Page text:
The Branford ROMEO CLUB® has starting meeting again, twice a month instead of weekly for the time being. We also pick our venues where we can be outdoors and sit further apart for social distancing. Below is a recent article (July 7, 2020) in the New Haven CT Register Newspaper.
North Branford. Clockwise from left are Frank Kuszpa of Guilford, Joseph Farricielli of Branford, Henry Castellon of Branford, Barry Giordano of Branford, Richard Salzano of Branford, Jim Piergrossi of Branford, Joseph Fazzino of Branford, Doug Stokely of Guilford, David Colley of Branford, Ellsworth “Mac” McGuigan of Branford and Bill Schmitt of Branford.
Photo: Peter Hvizdak / Hearst Connecticut Media
They’re back together, gathered around a long table while trying their best to maintain social distancing, these members of the ROMEO (Retired Old Men Eating Out) club.
The COVID-19 lockdown kept them apart for nearly three lonely, agonizing months. But a few weeks after the state allowed outdoor dining to resume, they reconvened.
Bill Schmitt, who handles a lot of the emails for the club, had been trying to get me to attend one of their Thursday lunches for the past three years. I held on to his kind invitation but had not gotten around to going. Then his message about their rebirth amid the pandemic motivated me to get out to one of their gatherings.
In his June 18 email to me, Schmitt wrote: “Of course we are not exempt from COVID-19, as we represent a bull’s-eye for the virus, being identified as those most vulnerable. Not only that, but the state closed down all of our restaurants. So what were we to do?”
Schmitt acknowledged it’s great having a spouse who “still remembers how to cook.” He added: “And so, lonely as we may have been, we happily put on a few pounds.” But he noted, “Asking grandchildren how to keep busy was not helpful, as they advised us to get online and go to Tik Tok, which truly convinced us we were totally out of touch.”
Schmitt sent me that email shortly before heading out to join his pals at the Dockside Seafood Restaurant and Grill in Branford for their second lunch since outdoor dining resumed. Their first meeting of the revived season two weeks earlier had been at Doody’s Totoket Inn in North Branford.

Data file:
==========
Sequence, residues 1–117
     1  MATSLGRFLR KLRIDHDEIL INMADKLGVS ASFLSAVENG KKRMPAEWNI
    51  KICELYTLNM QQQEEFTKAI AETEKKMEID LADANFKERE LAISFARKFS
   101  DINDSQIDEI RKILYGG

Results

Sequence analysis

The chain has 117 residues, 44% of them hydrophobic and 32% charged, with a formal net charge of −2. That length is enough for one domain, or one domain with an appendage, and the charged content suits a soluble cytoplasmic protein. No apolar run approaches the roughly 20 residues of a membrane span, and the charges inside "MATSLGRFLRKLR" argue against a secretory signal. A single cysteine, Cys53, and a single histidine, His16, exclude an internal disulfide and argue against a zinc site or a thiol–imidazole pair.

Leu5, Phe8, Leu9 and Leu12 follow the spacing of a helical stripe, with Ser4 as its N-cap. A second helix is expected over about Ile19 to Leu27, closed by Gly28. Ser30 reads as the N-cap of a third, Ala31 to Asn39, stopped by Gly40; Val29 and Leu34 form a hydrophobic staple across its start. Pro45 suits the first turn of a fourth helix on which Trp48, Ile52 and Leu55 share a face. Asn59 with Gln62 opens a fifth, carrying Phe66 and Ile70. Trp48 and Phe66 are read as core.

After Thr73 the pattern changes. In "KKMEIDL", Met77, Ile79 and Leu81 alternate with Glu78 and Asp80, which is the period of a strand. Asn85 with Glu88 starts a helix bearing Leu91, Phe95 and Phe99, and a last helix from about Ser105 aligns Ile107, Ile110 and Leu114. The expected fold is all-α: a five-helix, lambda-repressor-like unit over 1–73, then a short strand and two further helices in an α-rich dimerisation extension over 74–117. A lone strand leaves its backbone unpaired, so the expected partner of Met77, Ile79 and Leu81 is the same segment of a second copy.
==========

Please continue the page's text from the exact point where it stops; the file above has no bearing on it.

“The only problem is that being outside and social distanced, there’s a lot of ‘What was that?’ and ‘Can you speak up?’” Schmitt noted.
He encouraged me to mingle with the ROMEO members for the lunch they held last Thursday, again at Doody’s. He said they have in common “a real need to have a nice meal and social interaction with people who might be somewhat interested in what we have to say when we are close enough to hear them.”
Before I went to Doody’s I checked out the website https://romeoclub.com and learned there are ROMEO clubs all over the United States and the world. They have been around for several decades.
“There are no rules in ROMEOs,” Schmitt informed me when I sat down next to him. There were 11 club members seated at a big table under a tent.
When asked if their group, composed mostly of people from Branford, has a president, Schmitt said patiently: “We have no president because we have no rules. There are no dues, either.”
Is there an age requirement? No. At last Thursday’s lunch the youngest member was Joe Fazzino, 73. The oldest was Henry Castellon, 90, one of the originals when they got started about 10 years ago.
Must you be retired to join? “You should be,” Schmitt said. “But partially retired is fine.”
When I broached the subject of women becoming members of ROMEO, Schmitt said no female has ever asked to join. “There would be nothing against it because we have no rules. I’d be open to it.”